Furthermore, “to what extent will the Democratic Center and part of the conservatives block or encumber the government´s work?” asks Restrepo.

Several analysts agree in the response. The kind of unanimity Santos enjoyed with the parties that in 2010 made up the Alliance of National Unity (the U, Conservative, Liberal and Radical Change) guaranteed success in passing his major reforms and legislative initiatives. Today, the government’s coalition has been reduced to three parties after the Conservatives decided to run with their own presidential candidate. This distribution, which in total amounts to 47 senators and 92 representatives, does not allow a 51 percent majority that would ensure the leader’s governance in an eventual second term.

Additionally, Restrepo mentioned that “it is not only about the approval of the agreements [to be adopted in the negotiations with FARC] that Congress needs to pass, but in due course the bills that allow for the implementation of the agreements. The laws for land reform, rural development, the national budget which must include expenses to cover the agreements — that is where opposition will have some ability to veto.”

In that regard, the PDA´s reelected senator Iván Cepeda says that it “will be necessary to foster coalitions and call for strong debates regarding political control in order to defeat the far right and the people who came to Congress with concerning parapolitical backgrounds.” The same parapoliticians and corrupt individuals that, as Valencia underlines, helped Uribe “become president with no less than 2 million votes in 2002 and in 2006.”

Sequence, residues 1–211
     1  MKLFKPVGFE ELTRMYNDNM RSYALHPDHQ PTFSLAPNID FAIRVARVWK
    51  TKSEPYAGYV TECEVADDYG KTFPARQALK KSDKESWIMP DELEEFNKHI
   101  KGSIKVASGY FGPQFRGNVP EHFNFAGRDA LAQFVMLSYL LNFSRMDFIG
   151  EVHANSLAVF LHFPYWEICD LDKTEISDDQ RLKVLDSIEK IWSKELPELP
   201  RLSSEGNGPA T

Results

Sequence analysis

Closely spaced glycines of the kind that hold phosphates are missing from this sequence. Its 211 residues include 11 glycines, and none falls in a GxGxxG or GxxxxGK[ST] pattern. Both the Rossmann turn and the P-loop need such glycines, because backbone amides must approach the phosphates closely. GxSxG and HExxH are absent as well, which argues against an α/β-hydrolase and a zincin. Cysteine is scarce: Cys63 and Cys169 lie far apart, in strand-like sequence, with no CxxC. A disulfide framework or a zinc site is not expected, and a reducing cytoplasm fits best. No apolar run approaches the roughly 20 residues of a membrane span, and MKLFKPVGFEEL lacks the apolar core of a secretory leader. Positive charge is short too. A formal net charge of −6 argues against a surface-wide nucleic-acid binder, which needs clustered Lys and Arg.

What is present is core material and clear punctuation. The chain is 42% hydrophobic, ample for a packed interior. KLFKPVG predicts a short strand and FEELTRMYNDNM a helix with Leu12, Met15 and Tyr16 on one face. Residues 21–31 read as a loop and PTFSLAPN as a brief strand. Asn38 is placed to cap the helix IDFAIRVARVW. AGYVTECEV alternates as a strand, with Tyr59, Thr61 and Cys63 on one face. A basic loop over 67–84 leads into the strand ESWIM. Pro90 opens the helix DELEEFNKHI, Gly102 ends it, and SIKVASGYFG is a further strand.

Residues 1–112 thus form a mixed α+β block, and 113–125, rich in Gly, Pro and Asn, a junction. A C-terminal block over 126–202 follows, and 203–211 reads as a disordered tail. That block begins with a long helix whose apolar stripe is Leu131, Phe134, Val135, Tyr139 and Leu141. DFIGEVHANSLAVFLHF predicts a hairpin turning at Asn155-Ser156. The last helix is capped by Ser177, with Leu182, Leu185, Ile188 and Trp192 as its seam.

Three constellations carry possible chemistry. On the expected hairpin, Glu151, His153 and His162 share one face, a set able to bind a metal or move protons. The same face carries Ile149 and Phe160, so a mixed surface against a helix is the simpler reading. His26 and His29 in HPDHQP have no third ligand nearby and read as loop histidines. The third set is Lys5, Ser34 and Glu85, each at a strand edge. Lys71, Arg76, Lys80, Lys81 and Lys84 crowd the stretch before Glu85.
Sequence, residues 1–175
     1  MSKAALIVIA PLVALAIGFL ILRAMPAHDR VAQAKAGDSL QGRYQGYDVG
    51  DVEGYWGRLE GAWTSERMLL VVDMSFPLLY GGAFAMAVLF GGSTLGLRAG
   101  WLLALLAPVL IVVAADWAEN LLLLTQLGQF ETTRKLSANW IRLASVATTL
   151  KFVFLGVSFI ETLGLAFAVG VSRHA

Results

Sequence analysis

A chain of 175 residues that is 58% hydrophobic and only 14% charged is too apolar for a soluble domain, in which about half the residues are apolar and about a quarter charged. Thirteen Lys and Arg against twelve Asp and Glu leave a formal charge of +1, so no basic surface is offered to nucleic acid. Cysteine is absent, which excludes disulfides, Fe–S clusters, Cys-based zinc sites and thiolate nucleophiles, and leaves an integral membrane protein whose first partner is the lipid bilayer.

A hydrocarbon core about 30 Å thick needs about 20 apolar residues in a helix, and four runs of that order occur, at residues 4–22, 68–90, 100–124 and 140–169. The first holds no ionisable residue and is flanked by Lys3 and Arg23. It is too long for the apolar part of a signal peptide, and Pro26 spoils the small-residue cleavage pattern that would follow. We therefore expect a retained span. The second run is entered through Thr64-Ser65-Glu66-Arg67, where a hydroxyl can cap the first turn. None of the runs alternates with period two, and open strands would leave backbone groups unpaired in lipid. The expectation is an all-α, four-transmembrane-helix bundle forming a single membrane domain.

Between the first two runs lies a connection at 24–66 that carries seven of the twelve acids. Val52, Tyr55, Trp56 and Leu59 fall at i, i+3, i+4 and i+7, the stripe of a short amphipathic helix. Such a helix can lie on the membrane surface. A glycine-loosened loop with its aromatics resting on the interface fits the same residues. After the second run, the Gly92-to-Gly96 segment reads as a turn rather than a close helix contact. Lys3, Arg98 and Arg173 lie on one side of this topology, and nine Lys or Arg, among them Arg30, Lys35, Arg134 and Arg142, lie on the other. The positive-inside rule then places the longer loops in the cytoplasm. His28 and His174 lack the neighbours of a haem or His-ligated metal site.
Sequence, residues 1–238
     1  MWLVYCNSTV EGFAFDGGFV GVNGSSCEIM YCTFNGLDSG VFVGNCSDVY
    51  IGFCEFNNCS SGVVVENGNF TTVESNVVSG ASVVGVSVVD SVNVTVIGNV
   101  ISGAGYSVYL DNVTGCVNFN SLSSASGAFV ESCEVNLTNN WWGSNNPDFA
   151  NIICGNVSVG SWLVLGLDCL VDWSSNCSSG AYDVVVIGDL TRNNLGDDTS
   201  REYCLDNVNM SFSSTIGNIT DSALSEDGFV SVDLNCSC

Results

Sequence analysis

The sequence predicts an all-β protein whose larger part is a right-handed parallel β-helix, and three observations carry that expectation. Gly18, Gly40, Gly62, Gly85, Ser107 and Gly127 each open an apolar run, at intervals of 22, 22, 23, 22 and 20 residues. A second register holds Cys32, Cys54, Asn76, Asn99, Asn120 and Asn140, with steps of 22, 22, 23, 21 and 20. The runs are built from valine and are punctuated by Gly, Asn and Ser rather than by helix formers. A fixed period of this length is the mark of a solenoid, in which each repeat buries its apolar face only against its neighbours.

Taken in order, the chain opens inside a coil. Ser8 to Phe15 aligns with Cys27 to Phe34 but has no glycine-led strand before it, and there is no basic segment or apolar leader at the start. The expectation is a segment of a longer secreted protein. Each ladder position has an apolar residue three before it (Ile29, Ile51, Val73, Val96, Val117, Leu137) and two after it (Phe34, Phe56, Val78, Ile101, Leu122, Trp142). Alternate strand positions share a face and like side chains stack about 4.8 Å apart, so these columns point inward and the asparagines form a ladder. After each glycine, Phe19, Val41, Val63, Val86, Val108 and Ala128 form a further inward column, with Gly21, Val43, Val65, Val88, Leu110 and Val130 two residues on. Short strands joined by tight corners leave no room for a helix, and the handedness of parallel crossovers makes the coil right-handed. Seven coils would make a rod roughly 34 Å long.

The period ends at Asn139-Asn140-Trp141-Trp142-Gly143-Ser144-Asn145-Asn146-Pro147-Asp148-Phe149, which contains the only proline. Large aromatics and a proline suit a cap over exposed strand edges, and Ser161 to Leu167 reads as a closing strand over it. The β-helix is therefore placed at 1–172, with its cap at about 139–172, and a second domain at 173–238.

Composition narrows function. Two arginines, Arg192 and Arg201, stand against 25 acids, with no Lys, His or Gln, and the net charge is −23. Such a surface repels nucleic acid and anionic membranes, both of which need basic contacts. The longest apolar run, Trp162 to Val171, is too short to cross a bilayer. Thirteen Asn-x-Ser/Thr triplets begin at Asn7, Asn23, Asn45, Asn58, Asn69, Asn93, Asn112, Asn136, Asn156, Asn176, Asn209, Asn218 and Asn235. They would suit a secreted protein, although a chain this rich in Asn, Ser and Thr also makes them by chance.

Presidential Elections
Although peace will remain the central theme in the presidential elections of May 25, the factors in play in this Parliament will not be decisive factors for those who want to replace Santos and prevent him from governing for another four years.

The President of Congress, Juan Fernando Cristo, stated to Latinamerica Press that “in this election the parties that go along with the peace proposal and those that run counter to this proposal are clearly defined.” In that regard, former President Uribe — the most tenacious Santos opponent and leading critic of the negotiations with the FARC — despite obtaining many votes in the House of Representatives, could not transfer his support to his candidate Oscar Iván Zuluaga, who according to the latest poll by Ipsos-Napoleon Franco published on March 20, is in second place with 9 percent of the vote, far behind Santos´s 24 percent.

“Uribe is Uribe and Zuluaga is Zuluaga, they cannot be put on the same level,” says Cristo.

The non-correlation between the two elections is also reflected in the Green Alliance. Despite the few seats it obtained, the party´s candidate for president, the former mayor of Bogotá Enrique Peñalosa, was highlighted during the week following the election with 17 percent of support. He was seen as having the biggest chance to face Santos in a possible runoff election to be held in June, but then his support fell to 8 percent.

In contrast to how well the Conservative Party fared in the legislative elections, its presidential candidate, former Defense Minister Martha Lucía Ramírez, not only failed to surpass 4 percent of the vote, but her nomination has also divided the party.

Although the candidates for Colombia´s government cannot rely on their parliamentarian’s influence on the electorate, they can learn from their vote. That is what the PDA and the Patriotic Union parties reasoned, the later failed to win any congressional seat. Both on the political left, they have joined efforts to support Clara López for the presidency and Aida Abella for the vice-presidency. The strategy has led López to share second place in the polls with Zuluaga with 9 percent of the would-be voters. —
Latinamerica Press.


Only 40 percent of registered voters went to the polls. (Photo: Susan Abad)